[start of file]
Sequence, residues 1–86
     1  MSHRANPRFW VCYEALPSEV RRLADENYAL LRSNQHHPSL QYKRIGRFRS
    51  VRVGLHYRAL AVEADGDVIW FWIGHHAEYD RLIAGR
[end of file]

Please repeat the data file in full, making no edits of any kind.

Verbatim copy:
Sequence, residues 1–86
     1  MSHRANPRFW VCYEALPSEV RRLADENYAL LRSNQHHPSL QYKRIGRFRS
    51  VRVGLHYRAL AVEADGDVIW FWIGHHAEYD RLIAGR